Study questions health benefit of fish oil supplements

The oils were not detected in the bodies of participants and their anti-inflammation benefits could not be seen.

By Stephen Feller

PHILADELPHIA, July 31 (UPI) -- The therapeutic benefits of synthetic fish oil supplements went undetected in the bodies of participants in a recent study, calling into question whether their use is relevant for health treatments.

Large studies in the past have supported the theory that omega-3 polyunsaturated fatty acids from fish can reduce inflammation in hearts and blood vessels. As a result, synthetic forms of the oils, called specialized pro-resolving mediators, or SPMs, have been produced so people can regularly consume larger amounts without having to drastically increase how much fish they eat.


Researchers in a new study, published in the Journal of Lipid Research, said that while previous research on synthetic fish oils showed their efficacy on cells outside the human body, they couldn't find the presence or benefits of omega-3 polyunsaturated fatty acids in people who took supplements.

"In humans, we fail, in large part, either to detect SPMs in a manner that relates either to the dose of fish oil or to the resolution of inflammation," said Dr. Garret A. FitzGerald, of the department of Systems Pharmacology and Translational Therapeutics at the University of Pennsylvania, in a press release. "Studies with synthetic SPMs raise the possibility of their providing a structural basis for building drugs that limit inflammation. However, our results question the importance of this system in the body's own response to inflammation. In particular, we found no evidence supporting their role in mediating an anti-inflammatory action of fish oils, a putative health benefit of such supplements which itself remains to be established."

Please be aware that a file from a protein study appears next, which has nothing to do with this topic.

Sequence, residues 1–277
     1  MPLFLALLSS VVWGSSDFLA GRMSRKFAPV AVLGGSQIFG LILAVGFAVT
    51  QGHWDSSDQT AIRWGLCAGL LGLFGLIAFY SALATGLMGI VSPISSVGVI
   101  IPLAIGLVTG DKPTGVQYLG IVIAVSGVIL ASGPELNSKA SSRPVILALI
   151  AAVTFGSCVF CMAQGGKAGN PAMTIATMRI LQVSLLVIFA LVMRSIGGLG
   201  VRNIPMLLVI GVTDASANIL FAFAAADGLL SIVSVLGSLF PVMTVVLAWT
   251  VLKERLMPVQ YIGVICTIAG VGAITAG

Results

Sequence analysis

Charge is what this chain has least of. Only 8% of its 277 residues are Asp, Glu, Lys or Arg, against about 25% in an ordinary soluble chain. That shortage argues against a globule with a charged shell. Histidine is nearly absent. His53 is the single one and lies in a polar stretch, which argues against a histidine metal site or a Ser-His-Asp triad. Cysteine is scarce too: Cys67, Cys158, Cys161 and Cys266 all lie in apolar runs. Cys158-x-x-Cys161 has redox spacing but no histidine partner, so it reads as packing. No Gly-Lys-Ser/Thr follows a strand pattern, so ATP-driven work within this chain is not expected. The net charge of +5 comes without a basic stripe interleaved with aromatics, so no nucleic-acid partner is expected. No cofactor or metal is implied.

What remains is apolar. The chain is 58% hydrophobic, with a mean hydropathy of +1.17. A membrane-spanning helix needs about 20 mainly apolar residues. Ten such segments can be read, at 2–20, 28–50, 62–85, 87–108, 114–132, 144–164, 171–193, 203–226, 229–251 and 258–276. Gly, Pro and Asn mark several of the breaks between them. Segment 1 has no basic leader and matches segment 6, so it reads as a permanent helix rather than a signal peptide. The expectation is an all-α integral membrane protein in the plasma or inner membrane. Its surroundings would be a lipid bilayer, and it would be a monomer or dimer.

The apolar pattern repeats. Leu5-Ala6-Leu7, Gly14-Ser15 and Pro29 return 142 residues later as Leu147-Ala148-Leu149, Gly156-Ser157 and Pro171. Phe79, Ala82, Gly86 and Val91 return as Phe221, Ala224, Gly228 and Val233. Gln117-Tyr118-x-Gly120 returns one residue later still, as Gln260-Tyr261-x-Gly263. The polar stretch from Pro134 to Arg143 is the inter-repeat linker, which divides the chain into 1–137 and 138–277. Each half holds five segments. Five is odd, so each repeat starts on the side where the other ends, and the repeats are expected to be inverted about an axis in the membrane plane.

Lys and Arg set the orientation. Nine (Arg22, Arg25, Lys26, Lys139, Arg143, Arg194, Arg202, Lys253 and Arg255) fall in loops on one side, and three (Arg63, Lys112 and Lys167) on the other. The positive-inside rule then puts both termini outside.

Giving synthetic supplements to healthy individuals, researchers found they couldn't detect omega-3 polyunsaturated fatty acids in blood or urine, nor did they see any chemical evidence they were present during the resolution of inflammation.

Researchers said part of the explanation for this lies in the way the body processes these oils. When people eat fish, the omega-3 polyunsaturated fatty acids are consumed as triglycerides attached to a glycerol backbone. When supplements are produced, the fatty acids are detached from the glycerol and concentrated as either ethyl-esters or triglycerides.

The human intestinal tract processes natural triglycerides differently than synthetic ones, which researchers said may be why the oils their expected effects were undetectable in the study's participants.

"We found that the clinical promise of these mediators is weak," said Dr. Carsten Skarke, McNeil Fellow in translational medicine at the University of Pennsylvania. "There are few reliable data based on such rigorous detection methods as mass spectrometry confirming that SPMs form in humans after taking fish oil pills."

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